One part of DevOps that gets less attention is the first 3 letters of the buzzword – DEV. Let’s be real – part of achieving continuous flow very often involves some changes or tweaks to the development side of the equation. A lot of software delivery friction can be caused by the simple fact that development is handing off something that is difficult to deliver. Remember both Dev and Ops have to concur on what the pieces look like – otherwise you end up with a ‘throwing over the wall’ scenario no matter how many times you say “Continuous” or “DevOps”. To that end, we sometimes get involved deeply with development tools of one for one reason or another and kick over some interesting rocks in the process. We recently ran into a very tricky / time consuming problem at a customer that was due to some relatively obscure and undocumented configuration files in the ClearCase product. Given how hairy it was to figure out, we thought we would share with the community. The tee-up:
- The customer is trying to modernize tooling and has a large amount of code in Rational ClearCase.
- They have largely moved their Work Items into Rational Team Concert and are looking at more Agile Development processes.
- The move to RTC Work Items and planning is much easier / faster than moving the code from ClearCase, so they want to use the ClearCase Bridge feature in the interim.
- Most of their code is C/C++/C# and generally Windows-technology related and they are heavy Microsoft Visual Studio users.
- Windows 7 Professional OS (32bit)
- ClearCase Client 8.0.1 – Fixpack 2
- RTC Client 4.0.3 (based on Eclipse 4.2)
- ClearTeam Extension 8.0.1 – Fixpack 2
- Microsoft Visual Studio 2010 SP1
The problem: While the installation and configuration of the ClearCase Bridge was very straightforward and worked pretty much first time from the Eclipse client, the Visual Studio integration simply did not. The visible symptom was that it would appear to hang while trying to launch the integrated dialog boxes. After a couple of reconfiguration and re-installation cycles – complete with the ‘fresh machine’ repeat of everything, we were stuck and could not find or get any information about the cause – the configuration was fine according to support. First clues: After some digging around, we discovered that there were some Java core dumps under the TeamConcert directory. Reading those, it was readily apparent that we simply had a JVM heap size problem. No sweat, right? So, since we were dealing with the shell sharing of the RTC client and the ClearTeam Explorer and did not know which configuration would be used when being launched from MS Visual Studio, we went off and modified the eclipse.ini file under TeamConcert and the ctexplorer.ini under CTE. NEITHER FILE HAD ANY EFFECT. And no one could tell us or find a reference that said where the launch command was or how it was configured when it was initiated from the Visual Studio IDE. The big magic secret: As you may have guessed, it turns out there is a third file that governs the launch. We found this through a big pile of tedious investigation. The file is buried in the ClearCase installation directory at a default location of: C:\Program Files\IBM\RationalSDLC\ClearCase\RemoteClient\WANPackage\ccvsrtcintegration.ini There are 2 problems with this file:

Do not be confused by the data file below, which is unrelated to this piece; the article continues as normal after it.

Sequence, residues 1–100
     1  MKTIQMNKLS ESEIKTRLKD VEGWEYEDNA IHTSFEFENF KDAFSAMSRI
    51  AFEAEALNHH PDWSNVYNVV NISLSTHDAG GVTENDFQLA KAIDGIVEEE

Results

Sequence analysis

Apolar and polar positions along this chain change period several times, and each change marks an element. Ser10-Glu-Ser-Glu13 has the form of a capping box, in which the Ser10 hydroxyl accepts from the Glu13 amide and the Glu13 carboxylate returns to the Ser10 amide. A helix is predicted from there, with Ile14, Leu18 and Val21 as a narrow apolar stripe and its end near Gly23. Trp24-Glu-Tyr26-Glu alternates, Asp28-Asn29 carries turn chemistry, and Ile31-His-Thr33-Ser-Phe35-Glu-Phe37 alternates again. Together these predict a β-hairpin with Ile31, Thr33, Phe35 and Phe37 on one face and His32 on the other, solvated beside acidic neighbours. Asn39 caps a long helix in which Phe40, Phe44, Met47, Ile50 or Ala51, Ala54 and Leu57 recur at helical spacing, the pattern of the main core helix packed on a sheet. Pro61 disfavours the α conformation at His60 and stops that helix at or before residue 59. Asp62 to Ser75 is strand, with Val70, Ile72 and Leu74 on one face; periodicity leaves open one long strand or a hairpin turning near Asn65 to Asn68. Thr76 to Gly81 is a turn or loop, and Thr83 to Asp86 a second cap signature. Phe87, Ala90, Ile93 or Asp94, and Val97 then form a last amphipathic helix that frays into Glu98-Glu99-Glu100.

- It is obscure – if you Google for it, you will not find it.
- It uses a JVM call that has limits on its heap size when launching Eclipse. There are a number of technotes about this style of launch, but the one that tipped us off was this one: http://www-01.ibm.com/support/docview.wss?uid=swg1PM52774
The fix: We modified this file to use the JAVAW style launch in the ccvsrtcintegration.ini file. Our ‘finally fixed it’ example is here, though we have tweaked the heap sizes a bit for our environment.
-vm C:\Program Files\IBM\RationalSDLC\common\JAVA5.0\jre\bin\javaw.exe --launcher.appendVmargs(Executable) -vmargs -Xms256m -Xmx512m -Xmnx128m -Xgcpolicy:gencon -Xscmx96m
Update – 5/9/2014
The above .INI file has been edited to include the following line:
This was done to reflect some operational experience with the tool. We discovered that the tuning parameters were not really being respected as one would expect. So, after some investigation and discussion with IBM, we added the line as a way to force it to ignore the command line’s attempt to override the .ini file. Technically the parameter causes the INI files to be appended to the command line no matter what, so the command line that eventually launches the tool is forced to have the tuning parameters. This tweak has so delivered a much more stable end-user experience.
The summary: So, if you are using the CCBridge with Visual Studio and your attempts to launch the association dialogs appear to ‘hang’:
- Check for Java core dumps under TeamConcert
- If you find a heap size or ‘out of memory’ problem in them, look at the ccvsrtcintegration.ini file and modify it to use the javaw.exe launch rather than the DLL.
- Modify your heap sizes as necessary to fine-tune.